Basketball guard Jaylen Bland, a new member of the UC Riverside men’s basketball team, has excelled in his first season with the Highlanders. Bland currently leads the Big West in three-pointers made, with 44. He also is first in the team in steals with 20 and first in minutes played with 33.6 minutes per game. He’s second only to Taylor Johns in points per game and in field goals made.

While doing well in conference is a tough task, transferring from a community college can be just as difficult. Adjusting to tough classes, making friends and living away from home are just a few of the struggles transfer students face. Bland, who transferred from College of the Canyons in Santa Clarita, Calif., not only survived his first quarter at UCR, but is doing exceedingly well in Division I basketball.

“The competition level is much higher,” Bland said. “The practices are much more intense … I think this D-I level, a lot of junior colleges can’t compare to.”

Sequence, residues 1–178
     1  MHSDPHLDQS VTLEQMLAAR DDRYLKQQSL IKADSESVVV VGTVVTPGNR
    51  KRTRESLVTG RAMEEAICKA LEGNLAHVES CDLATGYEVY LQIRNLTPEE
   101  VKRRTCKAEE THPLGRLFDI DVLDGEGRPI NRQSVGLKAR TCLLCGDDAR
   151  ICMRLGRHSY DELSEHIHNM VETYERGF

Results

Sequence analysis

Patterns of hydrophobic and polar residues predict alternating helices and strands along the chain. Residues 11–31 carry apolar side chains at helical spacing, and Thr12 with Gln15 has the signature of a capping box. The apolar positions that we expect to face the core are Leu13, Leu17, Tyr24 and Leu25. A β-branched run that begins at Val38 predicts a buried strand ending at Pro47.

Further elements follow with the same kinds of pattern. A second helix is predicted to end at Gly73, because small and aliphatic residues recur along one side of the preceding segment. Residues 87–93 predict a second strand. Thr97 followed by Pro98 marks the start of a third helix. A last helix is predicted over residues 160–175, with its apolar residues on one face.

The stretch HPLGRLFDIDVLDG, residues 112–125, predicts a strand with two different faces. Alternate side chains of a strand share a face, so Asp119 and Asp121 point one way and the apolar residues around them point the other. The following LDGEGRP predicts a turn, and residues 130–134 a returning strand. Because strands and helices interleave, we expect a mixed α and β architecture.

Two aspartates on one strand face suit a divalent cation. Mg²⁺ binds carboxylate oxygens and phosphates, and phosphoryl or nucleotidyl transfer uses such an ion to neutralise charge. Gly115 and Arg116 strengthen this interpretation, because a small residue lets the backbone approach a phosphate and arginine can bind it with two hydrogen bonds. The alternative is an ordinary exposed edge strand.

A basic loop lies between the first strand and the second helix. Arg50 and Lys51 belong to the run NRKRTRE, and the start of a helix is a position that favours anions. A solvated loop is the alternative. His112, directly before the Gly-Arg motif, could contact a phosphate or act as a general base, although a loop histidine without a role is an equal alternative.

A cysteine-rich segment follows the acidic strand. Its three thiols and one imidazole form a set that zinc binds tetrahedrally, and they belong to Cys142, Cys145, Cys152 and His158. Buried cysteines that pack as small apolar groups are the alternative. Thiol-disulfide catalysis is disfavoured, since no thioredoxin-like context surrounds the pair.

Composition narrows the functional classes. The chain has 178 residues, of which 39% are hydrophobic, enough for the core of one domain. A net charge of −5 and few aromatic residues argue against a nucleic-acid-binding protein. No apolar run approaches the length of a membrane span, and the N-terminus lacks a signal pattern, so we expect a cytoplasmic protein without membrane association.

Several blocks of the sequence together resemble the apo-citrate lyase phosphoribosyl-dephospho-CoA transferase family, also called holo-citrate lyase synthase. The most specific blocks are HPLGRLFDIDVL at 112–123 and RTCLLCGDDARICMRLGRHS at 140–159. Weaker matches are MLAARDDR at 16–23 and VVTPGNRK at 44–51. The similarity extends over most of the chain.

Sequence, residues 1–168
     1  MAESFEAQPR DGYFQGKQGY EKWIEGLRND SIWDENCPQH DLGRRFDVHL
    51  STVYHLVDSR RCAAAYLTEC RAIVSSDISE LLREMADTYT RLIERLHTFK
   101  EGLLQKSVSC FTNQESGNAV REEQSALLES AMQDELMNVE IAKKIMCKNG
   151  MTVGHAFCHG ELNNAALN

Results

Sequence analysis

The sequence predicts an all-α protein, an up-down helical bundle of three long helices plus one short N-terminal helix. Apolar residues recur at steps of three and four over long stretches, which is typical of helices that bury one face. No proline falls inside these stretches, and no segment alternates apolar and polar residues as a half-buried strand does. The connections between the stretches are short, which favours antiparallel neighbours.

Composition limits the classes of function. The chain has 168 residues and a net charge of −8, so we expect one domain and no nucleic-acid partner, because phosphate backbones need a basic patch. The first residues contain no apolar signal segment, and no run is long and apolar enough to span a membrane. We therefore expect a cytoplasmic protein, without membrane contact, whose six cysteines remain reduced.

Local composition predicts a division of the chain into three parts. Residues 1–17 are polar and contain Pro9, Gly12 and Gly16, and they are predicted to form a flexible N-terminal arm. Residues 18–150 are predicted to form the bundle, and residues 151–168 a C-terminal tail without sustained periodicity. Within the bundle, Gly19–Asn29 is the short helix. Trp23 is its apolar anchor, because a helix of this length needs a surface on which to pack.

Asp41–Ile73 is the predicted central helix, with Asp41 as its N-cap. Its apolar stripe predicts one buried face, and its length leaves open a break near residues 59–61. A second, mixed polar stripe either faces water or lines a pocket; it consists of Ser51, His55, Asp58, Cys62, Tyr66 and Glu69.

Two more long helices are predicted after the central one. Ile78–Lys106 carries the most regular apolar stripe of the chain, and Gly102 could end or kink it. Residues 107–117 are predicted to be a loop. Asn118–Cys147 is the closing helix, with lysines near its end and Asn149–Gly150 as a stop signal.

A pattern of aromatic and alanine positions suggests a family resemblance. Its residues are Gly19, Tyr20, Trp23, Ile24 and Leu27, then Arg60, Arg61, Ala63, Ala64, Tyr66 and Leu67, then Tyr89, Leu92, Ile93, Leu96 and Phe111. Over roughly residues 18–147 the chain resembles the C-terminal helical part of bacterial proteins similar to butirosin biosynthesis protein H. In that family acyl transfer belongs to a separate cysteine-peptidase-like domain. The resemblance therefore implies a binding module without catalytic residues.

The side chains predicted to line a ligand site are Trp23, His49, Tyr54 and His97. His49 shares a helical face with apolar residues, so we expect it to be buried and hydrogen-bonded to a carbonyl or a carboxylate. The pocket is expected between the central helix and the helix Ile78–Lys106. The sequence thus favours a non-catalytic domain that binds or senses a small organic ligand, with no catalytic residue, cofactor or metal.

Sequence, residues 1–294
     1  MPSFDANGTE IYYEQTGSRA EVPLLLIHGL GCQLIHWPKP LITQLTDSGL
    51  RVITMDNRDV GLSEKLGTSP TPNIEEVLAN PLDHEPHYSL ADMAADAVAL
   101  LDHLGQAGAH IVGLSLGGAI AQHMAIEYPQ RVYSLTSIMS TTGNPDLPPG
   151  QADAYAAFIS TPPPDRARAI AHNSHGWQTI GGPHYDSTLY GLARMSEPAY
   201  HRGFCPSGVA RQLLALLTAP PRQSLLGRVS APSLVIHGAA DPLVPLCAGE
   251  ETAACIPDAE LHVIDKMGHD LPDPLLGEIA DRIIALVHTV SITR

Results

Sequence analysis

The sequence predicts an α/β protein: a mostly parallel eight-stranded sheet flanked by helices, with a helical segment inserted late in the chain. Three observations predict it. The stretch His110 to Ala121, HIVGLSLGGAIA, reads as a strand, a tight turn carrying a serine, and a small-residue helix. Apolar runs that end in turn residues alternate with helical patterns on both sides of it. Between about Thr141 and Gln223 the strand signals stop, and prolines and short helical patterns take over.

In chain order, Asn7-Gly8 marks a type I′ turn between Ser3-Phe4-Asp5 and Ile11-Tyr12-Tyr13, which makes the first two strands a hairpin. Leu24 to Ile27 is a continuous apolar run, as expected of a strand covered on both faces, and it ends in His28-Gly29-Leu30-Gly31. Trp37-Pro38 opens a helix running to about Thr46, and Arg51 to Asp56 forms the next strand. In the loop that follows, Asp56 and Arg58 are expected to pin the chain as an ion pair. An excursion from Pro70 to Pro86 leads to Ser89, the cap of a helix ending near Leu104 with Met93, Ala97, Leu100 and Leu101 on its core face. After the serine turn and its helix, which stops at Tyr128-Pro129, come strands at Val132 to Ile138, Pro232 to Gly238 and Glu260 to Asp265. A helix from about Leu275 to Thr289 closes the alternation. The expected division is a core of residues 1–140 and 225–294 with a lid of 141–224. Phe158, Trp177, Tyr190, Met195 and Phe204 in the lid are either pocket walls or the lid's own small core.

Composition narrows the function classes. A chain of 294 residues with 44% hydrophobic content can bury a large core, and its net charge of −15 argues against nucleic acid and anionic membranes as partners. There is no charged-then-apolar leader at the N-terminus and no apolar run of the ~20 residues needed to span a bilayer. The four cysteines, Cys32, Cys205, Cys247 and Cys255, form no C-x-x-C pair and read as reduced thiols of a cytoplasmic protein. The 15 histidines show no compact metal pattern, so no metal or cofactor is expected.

When asked about UCR’s 7-7 record in non-conference play, Bland recalled the mountain training, including hikes up to the “C,” that the team went through during summer practices.

“It was way bigger than a hill, it was actually like a mountain,” he said. “They made us go up there a few times and it was timed, so we had to sprint up there. It was one of the hardest workouts in my life.”

In terms of teammates that push him to get better, Steven Jones is atop the list.

“Steven Jones is always intense,” Bland said. “He’s always turnt up and yelling and being active in practice.”

The pair set the tone during practice, which relies on high levels of energy throughout. It’s the perfection of practice that results in wins during games, and the Highlanders seem to have found their rhythm, splitting their first pair of conference games against Cal State Fullerton and UC Irvine.

As a team, the hard work seemed to pay off as their record is the best since the 2008-2009 team, which marked the Highlanders’ first winning Division I season. With the Big West Championship looming in the future, Bland feels confident in his team’s ability.

“The conference is up for grabs in my eyes,” Bland said. “Any team that’s locked can take it.”

Once Bland graduates from UCR, he hopes to play in the NBA. If all else fails, he plans to play overseas doing what he enjoys. At least for a couple more years, Bland will be doing what he loves on the campus of UCR.